Fast-math flags

LifeJacket currently supports three of the five fast-math flags that LLVM implements: nnan, ninf, and nsz.

LifeJacket handles the nnan and ninf flags in a similar way by modifying the SMT formula for the instruction on which the flag appears. As Table 1 shows, if the instruction’s arguments or result is a NaN or , respectively, the formula returns a fresh unconstrained variable that it treats as an undef value. This is a direct translation from the description in the language reference and works for root and non-root instructions.

The nsz flag is different: Instead of relaxing the requirements for the behavior for certain inputs and results, it states that the sign of a zero value can be ignored. This primarily affects how LifeJacket compares the source and target values: it adds a logical conjunction to the SMT query that states that the source and target values are only different if both are nonzero (shown in Table 1). The flag itself has no effect on zero values at runtime, meaning that it does not affect the computation performed by instructions with the flag. Thus, we do not change the SMT formula for the instruction.

Since the nsz flag has no direct effect on how LLVM does matching, this flag also does not change the significance of the sign of immediate zeros (e.g. +0.0) in the optimization templates. Instead, we mirror how LLVM determines whether an optimization applies. In LLVM, optimizations that match a certain sign of zero do not automatically apply to other zeros when the nsz flag is set. For example, an optimization that applies to fadd x, -0.0 does not automatically apply to fadd nsz x, +0.0. If applicable, developers explicitly match any zero if the nsz flag is set. We mirror this design by implementing an AnyZero(C) predicate, which makes C negative or positive zero.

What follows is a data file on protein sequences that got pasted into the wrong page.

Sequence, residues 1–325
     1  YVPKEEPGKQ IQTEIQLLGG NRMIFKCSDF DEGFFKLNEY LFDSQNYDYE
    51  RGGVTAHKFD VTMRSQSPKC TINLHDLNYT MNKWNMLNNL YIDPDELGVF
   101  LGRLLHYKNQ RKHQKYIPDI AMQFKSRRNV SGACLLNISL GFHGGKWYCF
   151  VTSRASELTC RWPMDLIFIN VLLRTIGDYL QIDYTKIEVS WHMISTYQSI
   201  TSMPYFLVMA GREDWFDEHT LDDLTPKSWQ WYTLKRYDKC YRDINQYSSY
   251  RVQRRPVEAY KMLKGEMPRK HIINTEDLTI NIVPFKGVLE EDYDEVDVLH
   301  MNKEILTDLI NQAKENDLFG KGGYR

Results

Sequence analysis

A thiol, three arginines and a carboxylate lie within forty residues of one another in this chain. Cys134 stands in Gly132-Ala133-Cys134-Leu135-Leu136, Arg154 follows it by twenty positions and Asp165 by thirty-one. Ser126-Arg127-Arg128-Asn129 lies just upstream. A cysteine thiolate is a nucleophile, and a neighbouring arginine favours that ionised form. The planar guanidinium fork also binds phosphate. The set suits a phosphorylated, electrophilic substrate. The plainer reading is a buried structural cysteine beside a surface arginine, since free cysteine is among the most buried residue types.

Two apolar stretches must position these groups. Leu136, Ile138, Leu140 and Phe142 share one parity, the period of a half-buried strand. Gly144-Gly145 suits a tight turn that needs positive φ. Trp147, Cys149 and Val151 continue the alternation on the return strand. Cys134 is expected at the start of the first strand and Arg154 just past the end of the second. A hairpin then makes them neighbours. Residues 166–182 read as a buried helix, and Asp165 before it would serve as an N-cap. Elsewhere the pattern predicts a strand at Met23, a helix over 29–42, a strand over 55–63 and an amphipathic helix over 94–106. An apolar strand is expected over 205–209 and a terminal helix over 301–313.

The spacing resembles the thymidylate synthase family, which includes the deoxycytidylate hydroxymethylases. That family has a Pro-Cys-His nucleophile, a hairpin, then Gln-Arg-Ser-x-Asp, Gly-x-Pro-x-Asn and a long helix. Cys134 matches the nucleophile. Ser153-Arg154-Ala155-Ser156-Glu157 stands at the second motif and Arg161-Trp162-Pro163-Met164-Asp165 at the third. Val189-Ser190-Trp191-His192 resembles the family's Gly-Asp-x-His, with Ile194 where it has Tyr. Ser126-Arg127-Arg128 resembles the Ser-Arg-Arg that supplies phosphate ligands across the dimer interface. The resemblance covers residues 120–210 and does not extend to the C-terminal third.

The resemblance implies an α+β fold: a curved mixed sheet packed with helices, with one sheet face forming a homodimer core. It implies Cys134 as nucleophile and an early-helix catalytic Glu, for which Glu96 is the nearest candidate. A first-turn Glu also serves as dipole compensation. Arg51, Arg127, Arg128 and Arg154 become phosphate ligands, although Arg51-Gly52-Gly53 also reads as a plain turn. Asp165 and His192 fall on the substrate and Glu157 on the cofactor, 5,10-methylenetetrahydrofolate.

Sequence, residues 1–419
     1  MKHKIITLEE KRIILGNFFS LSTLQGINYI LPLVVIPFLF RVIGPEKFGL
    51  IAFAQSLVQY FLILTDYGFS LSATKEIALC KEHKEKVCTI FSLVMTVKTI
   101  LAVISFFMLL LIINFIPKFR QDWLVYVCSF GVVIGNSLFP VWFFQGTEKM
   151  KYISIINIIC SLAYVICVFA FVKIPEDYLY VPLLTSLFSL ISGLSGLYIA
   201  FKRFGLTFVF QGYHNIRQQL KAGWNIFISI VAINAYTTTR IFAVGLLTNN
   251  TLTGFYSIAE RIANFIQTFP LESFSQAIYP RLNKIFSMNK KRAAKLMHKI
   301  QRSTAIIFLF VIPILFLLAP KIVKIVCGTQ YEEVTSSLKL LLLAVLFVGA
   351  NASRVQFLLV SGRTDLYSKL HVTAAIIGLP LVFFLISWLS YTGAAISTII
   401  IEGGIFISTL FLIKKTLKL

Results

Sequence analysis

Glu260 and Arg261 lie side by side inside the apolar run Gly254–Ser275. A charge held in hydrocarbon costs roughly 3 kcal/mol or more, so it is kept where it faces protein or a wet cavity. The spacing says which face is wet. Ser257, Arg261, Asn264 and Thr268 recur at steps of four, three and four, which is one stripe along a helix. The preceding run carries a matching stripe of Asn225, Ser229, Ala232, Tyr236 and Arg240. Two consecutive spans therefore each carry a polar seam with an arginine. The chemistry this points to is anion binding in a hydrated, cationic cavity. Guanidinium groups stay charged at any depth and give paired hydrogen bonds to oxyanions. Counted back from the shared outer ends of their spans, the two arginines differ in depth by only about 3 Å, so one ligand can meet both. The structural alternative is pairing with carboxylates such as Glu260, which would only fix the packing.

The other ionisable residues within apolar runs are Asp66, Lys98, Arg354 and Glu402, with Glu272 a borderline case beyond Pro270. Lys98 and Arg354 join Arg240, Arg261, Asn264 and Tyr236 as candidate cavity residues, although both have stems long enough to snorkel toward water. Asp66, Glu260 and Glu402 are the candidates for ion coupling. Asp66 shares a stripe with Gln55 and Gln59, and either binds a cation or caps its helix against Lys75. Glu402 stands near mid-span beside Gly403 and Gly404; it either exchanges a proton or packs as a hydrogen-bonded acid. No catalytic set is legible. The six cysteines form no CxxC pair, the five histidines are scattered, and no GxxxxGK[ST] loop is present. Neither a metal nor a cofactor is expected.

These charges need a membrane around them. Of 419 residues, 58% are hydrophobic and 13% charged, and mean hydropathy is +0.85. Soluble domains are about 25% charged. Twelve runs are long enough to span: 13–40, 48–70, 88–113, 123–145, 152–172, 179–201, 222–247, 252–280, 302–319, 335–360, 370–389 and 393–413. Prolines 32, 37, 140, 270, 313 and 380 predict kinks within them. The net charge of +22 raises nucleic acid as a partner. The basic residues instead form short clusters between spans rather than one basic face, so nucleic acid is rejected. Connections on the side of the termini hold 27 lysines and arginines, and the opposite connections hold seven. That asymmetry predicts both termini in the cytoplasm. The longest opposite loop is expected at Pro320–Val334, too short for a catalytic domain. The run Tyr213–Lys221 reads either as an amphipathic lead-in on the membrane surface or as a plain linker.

{Verbatim} Name: PR26958 Precondition: AnyZero(C0) =¿ {Verbatim} Name: PR26943 =¿ {Verbatim} Name: PR27036 Precondition: hasOneUse(hasOneUse(WillNotOverflowSignedAdd(=¿
Figure 4: New bugs in LLVM 3.7.1 found by LifeJacket.


While Section 5 shows that LifeJacket is a useful tool, it does not support all floating-point types and imprecise optimizations, uses a fixed rounding-mode, and does not model floating-point exceptions and debug information in NaNs.

Currently, LifeJacket does not support LLVM’s vectors and the two 128-bit and the 80-bit floating-point types. Supporting those would likely not require fundamental changes.

There are many imprecise optimizations in LLVM. These optimizations need a different style of verification because they do not make any guarantees about how much they affect the program output. A possible way to deal with these optimizations would be to verify that they are correct for real numbers and estimate accuracy changes by randomly sampling inputs, similar to Herbie panchekha2015automatically [].

LifeJacket’s verification ultimately relies on the SMT-LIB standard for floating-point arithmetic. The standard corresponds to IEEE 754-2008 but it only defines a single NaN value and does not distinguish between signalling and quiet NaNs. Thus, our implementation cannot verify whether an operation with NaN operands returns one of the input NaNs, propagating debug information encoded in the NaN, as recommended by the IEEE standard. In practice, LLVM does not attempt to preserve information in NaNs, so this limitation does not affect our ability to verify LLVM optimizations. We do not model floating-point exceptions, either, since LLVM does not currently make guarantees about handling floating-point exceptions. Floating-point exceptions could be verified with separate SMT queries, similar to how Alive verifies definedness.